Allergy 08/2011; 66(11):1449-56. · 5.88 Impact Factor
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    ABSTRACT: We investigated the effect of simulated bleeding on plasminogen activity, matrix metalloproteinase (MMP) expression, and wound healing using a human fibroblast model. Nasal fibroblasts from three chronic rhinosinusitis (CRS) patients with nasal polyps and three controls were grown in culture and a standardized injury was created using a punch. To mimic bleeding, fibroblasts were stimulated with plasminogen (100 microg/mL), plasminogen + tranexamic acid (TA; 100 microg/mL) or media only. At 24, 48, and 72 hours after injury, we measured urokinase plasminogen activator (uPA) and tissue-type plasminogen activator (tPA) activities and inactive and active MMP-2 and -9 expression. Injury stimulated the nasal fibroblasts to express uPA and tPA and active and inactive MMP-2 and -9. In CRS patients, plasminogen significantly decreased MMP-9 expression after 48 hours (p < 0.04). In untreated fibroblasts, we observed a decrease in active MMP-9 expression, whereas plasminogen increased active MMP-9 expression after 48 hours (p < 0.04). At 24 hours, active MMP-9 expression was reduced by plasminogen +/- TA (p < 0.02). Plasminogen also stimulated uPA expression in CRS patient fibroblasts after 48 hours (p < 0.04). Fibroblast proliferation occurred when exposed to plasminogen and was strongly modulated by uPA and inactive and active MMP-2. The quality of wound healing was affected by inactive MMP-2, uPA and tPA, simulation, and inhibition of bleeding. Activation of the plasminogen pathway and inactive MMP-2 expression tended to increase both proliferation of nasal fibroblasts and MMP-9 expression as a marker for deterioration of the quality of wound healing.
    American Journal of Rhinology and Allergy 01/2010; 24(3):186-91.
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    ABSTRACT: Differentiating normal nasal discharge and postoperative crust from infection after endoscopic sinus surgery (ESS) can be difficult. We investigated whether bacteria cultured at operation was predictive for postoperative mucosal infection-defined as frank pus, thick mucus, and/or abnormal crusting seen on endoscopic examination associated with positive microbiology. The records of 48 patients with chronic rhinosinusitis (CRS) with infection at the time of ESS were retrospectively reviewed. Results of intraoperative cultures were compared with those taken at the time of postoperative mucosal infection. Fourteen of 16 patients (87.5%) with intraoperative infection with Staphylococcus aureus progressed to postoperative mucosal infection with S. aureus, whereas patients who cultured "other" bacteria intraoperatively progressed to postoperative mucosal infection in 6/19 cases (31.6%), with S. aureus cultured in only 3/19 cases (15.8%; p=0.0001). S. aureus infection at ESS predicts for abnormal, S. aureus-associated mucosal healing and infection post-ESS. Although a prospective trial is warranted, these findings suggest a future role for aggressive anti-S. aureus therapy peri- and/or postoperatively in patients who culture positive for this organism to improve postsurgical outcomes.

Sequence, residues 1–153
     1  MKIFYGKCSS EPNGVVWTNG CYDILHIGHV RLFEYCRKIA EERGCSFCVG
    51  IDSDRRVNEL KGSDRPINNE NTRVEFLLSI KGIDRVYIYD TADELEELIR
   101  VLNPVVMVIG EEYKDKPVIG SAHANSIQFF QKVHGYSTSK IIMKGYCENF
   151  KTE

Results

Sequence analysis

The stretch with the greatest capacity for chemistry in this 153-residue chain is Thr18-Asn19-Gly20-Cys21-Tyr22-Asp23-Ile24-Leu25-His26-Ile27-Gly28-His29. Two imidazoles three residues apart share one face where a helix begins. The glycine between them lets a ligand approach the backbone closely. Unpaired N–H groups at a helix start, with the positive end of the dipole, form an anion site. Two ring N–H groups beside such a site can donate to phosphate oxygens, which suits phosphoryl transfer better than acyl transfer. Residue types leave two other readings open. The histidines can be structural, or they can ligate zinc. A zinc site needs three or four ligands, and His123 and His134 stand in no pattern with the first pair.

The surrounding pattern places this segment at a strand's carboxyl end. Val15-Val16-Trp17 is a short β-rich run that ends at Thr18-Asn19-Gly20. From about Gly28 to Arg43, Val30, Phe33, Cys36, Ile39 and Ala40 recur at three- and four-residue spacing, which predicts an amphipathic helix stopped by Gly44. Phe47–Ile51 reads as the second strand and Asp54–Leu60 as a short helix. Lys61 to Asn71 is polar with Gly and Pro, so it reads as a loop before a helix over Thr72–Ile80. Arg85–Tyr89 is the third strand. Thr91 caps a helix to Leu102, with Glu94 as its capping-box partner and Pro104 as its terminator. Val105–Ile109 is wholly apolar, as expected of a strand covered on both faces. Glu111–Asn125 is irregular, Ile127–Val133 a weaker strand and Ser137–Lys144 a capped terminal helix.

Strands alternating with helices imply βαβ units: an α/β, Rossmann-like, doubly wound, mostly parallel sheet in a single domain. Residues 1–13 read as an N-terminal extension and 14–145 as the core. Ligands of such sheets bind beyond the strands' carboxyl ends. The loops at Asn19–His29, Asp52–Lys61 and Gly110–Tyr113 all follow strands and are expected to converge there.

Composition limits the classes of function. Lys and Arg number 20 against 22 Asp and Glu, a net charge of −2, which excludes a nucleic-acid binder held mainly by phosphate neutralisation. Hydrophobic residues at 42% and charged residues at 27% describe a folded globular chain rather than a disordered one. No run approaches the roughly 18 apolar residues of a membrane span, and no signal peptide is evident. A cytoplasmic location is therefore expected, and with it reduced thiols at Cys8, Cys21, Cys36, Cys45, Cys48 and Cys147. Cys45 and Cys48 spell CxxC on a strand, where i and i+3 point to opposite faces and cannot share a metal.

American journal of rhinology & allergy 01/2009; 23(5):549-52. · 1.74 Impact Factor
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    ABSTRACT: Endoscopic sinus surgery is an accepted treatment for medically recalcitrant chronic rhinosinusitis. Effective saline douching may improve long-term outcomes of chronic rhinosinusitis but is often impaired by postoperative ostial stenosis. The aim of this study is to determine a critical ostial size at which douching solution reliably enters the sinus cavities. Prospective study of consecutive patient cohort. Seventeen preoperative or well-healed postoperative endoscopic sinus surgery patients were irrigated with 5 mL blue food coloring mixed with 200 mL buffered saline from a squeeze bottle. The degree of sinus penetration, sinus ostial patency, and ostial size were endoscopically determined. Sinuses penetrated by blue dye had a significantly larger minimal ostial dimension (7.31 mm; 95% confidence interval 5.54-9.08) than those that had no blue dye penetration (1.26 mm; 95% confidence interval 0.86-1.66) as determined by Student t test. Chi-square analysis showed that operated sinuses were more likely to be penetrated than nonoperated sinuses (P = .0016) and obstructed sinuses (P = .0325). Logistic regression showed a 95% probability of penetration when the minimum ostial dimension is 3.95 mm or greater. Unoperated sinuses or cases with gross sinus ostial obstruction will not be reliably penetrated by sinus irrigant. A 3.95-mm ostial diameter seems to be the minimum size to guarantee penetration in paranasal sinuses to maximize the potential for topical sinus treatment.
    The Laryngoscope 11/2008; 118(11):2078-81. · 1.98 Impact Factor